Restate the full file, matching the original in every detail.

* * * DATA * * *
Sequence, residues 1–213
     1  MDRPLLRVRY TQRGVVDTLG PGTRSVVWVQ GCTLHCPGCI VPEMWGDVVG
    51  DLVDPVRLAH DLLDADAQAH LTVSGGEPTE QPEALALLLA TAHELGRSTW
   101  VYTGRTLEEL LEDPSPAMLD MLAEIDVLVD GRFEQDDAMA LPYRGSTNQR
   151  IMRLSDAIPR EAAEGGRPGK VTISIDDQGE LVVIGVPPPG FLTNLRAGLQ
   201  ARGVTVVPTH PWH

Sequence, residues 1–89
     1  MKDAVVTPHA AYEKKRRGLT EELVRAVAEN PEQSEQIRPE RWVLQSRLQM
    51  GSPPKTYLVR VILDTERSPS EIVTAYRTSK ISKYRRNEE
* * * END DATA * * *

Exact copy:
Sequence, residues 1–213
     1  MDRPLLRVRY TQRGVVDTLG PGTRSVVWVQ GCTLHCPGCI VPEMWGDVVG
    51  DLVDPVRLAH DLLDADAQAH LTVSGGEPTE QPEALALLLA TAHELGRSTW
   101  VYTGRTLEEL LEDPSPAMLD MLAEIDVLVD GRFEQDDAMA LPYRGSTNQR
   151  IMRLSDAIPR EAAEGGRPGK VTISIDDQGE LVVIGVPPPG FLTNLRAGLQ
   201  ARGVTVVPTH PWH

Sequence, residues 1–89
     1  MKDAVVTPHA AYEKKRRGLT EELVRAVAEN PEQSEQIRPE RWVLQSRLQM
    51  GSPPKTYLVR VILDTERSPS EIVTAYRTSK ISKYRRNEE